Game Mechanic For Hire

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Design Experiment: Forbidden Island without sinking, 10.14.13

with 2 comments

Io there! We’re starting this game design blog back up with look at a game without one of its key mechanics. (We’ve done a few like this before looking at Monopoly without money and Power Grid without power stations.)

Today, we’re lookin’ at Forbidden Island without the island sinking.

A quick primer: Forbidden Island is a cooperative game where players work together to retrieve four artifacts from a sinking island and get everyone off to safety before:

  • A) an artifact is lost,
  • B) someone drowns, or
  • C) the exit is lost.

Each turn, players move about the island helping keep the island afloat while working to gather the four artifacts. Each player has a special ability nobody else has, and the sinking of the island intensifies as the game continues. It’s a fantastic intro co-op; go get it (or its older brother, Forbidden Desert).

One of the main mechanics that drives the action of the game is the fact the island sinks a little bit each turn. This provides the sense of urgency and danger a cooperative game needs. So if we take it out, what might happen? Here’s one possibility:

  1.  No sinking means there isn’t any danger of losing. Without a threat, the cooperative element falls a bit flat. To keep an element of uncertainty and danger, perhaps the game spawns guards each turn that must be dealt with or avoided. One per player could start in play at the beginning of the game.
  2. Guards could be spawned by the flood cards. Instead of the space listed getting flipped over, it either spawns a guard at that location or moves a guard on that space a set number of spaces with hitting an edge wrapping the guard around to the opposite side of the board.
  3. A hit point system could be implemented. You could take being landed on by a guard X times before you’re caught.
  4. Guards could be removed from play by moving into the same space from the side or behind.
  5. As gameplay continues, you would start drawing more than one card to determine guard movement and placement. Eventually, the players would simply be overwhelmed by the guards and be caught.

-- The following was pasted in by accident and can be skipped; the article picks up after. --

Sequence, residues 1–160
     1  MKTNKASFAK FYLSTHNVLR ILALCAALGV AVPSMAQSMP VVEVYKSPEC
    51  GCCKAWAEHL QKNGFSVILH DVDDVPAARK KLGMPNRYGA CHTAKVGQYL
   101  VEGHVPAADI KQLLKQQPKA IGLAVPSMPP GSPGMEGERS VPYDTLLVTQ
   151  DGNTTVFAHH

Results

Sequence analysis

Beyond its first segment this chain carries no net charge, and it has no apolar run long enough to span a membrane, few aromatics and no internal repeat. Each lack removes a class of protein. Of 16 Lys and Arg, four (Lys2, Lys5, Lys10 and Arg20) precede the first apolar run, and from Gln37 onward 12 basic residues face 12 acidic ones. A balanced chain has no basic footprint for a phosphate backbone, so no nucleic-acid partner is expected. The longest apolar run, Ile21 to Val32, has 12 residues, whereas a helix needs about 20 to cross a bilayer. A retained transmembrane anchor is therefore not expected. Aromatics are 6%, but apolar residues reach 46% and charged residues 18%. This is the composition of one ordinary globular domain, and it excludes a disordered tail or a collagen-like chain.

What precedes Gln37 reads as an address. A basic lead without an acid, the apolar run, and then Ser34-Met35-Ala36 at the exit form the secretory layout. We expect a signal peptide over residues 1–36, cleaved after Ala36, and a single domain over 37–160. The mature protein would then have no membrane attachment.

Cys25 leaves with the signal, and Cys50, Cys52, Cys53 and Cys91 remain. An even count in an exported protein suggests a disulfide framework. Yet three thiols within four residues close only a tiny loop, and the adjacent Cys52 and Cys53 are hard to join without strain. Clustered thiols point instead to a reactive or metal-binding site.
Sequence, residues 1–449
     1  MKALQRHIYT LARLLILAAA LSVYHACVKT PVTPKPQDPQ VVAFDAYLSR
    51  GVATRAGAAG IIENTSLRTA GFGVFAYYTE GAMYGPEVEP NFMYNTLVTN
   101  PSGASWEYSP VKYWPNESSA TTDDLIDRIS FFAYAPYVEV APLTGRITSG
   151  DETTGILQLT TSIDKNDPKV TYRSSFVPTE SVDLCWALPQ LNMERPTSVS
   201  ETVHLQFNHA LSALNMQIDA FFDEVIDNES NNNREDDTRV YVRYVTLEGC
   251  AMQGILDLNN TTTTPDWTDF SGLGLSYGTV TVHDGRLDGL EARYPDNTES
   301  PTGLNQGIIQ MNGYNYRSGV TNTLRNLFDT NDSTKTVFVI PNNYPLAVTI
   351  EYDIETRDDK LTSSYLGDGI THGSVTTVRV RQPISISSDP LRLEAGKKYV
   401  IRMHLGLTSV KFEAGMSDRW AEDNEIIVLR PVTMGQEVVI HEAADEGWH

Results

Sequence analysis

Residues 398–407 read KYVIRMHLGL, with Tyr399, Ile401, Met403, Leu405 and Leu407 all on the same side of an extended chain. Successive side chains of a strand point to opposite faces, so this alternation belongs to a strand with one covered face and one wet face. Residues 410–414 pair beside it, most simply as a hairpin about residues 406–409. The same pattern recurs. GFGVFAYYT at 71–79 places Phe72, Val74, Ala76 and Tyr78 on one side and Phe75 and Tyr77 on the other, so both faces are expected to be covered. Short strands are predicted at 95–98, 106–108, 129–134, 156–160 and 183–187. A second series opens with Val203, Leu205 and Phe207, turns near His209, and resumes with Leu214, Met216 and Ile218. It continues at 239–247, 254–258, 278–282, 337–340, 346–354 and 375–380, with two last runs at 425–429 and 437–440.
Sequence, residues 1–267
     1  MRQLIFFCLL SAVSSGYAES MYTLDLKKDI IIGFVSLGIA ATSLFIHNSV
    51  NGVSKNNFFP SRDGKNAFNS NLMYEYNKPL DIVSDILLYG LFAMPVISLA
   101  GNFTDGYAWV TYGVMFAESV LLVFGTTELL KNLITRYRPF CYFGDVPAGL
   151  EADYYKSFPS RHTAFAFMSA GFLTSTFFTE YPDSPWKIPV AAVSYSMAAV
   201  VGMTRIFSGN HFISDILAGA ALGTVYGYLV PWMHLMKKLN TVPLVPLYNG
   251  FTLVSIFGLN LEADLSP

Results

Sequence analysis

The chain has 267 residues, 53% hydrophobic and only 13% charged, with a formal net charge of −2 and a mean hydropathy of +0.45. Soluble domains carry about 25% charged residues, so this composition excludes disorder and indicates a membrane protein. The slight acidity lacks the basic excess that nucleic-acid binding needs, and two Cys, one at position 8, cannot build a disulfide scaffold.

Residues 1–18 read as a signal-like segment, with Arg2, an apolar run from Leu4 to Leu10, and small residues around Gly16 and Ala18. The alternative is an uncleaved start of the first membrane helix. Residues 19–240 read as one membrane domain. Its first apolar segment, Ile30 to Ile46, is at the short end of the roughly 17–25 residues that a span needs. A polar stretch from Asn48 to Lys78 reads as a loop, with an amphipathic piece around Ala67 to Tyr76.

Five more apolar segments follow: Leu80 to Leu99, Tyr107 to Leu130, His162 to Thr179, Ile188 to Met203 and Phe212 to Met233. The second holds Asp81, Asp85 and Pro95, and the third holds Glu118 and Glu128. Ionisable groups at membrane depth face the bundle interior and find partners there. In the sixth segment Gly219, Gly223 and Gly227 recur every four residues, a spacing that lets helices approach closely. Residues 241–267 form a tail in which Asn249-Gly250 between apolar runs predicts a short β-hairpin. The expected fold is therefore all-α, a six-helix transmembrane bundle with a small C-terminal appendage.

Still keeps a rough feel of being Forbidden Island, but with a funky twist. How would you work with the change? Let us know in the comments!



Written by krinklechip

October 14, 2013 at 7:51 pm

2 Responses

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  1. Two things… the first being that Forbidden Desert would actually be the younger brother… as an older brother, it is very important to me that we older brothers always get our dues. Desert may be the bigger, wedgie-inducing, got the better genes brother, though.

    Secondly… One of the best elements of Forbidden Island is that it does everything it does in a very simple manner. The whole is definitely greater than the sum of its parts. Love Letter is another example of a simple(r) game that packs a LOT more into what it does than the low part count and simplified rules would seem to suggest. Once you start adding maintenance or other moving parts to the mix, you lose that bit of elegance. The mental picture of this also seems to push it further into the ‘game’ category and away from the ‘puzzle’ category it seems to hold; I’d have to actually try it to see if this is true or not, though. Anyway, the simplicity of the elements is probably the one hook that Island still maintains over Desert. I’m quite a bit less interested in Desert for this reason.

    Still, it’s always worth discussion and I think that’s the point here. 🙂


    October 14, 2013 at 8:11 pm

    • Io Stu,

      Thanks for joinin’ in the discussion!

      You are absolutely right in the simplicity being part of what makes Forbidden Island great. The guards movin’ around (‘specially when there’s lots of ’em) would be fairly fiddly. It could drop into the current mechanic mix without too much mucking about with the core concept, though, and would offer a fundamentally different feel. …almost like Fearsome Floors meets FI.



      October 14, 2013 at 9:21 pm

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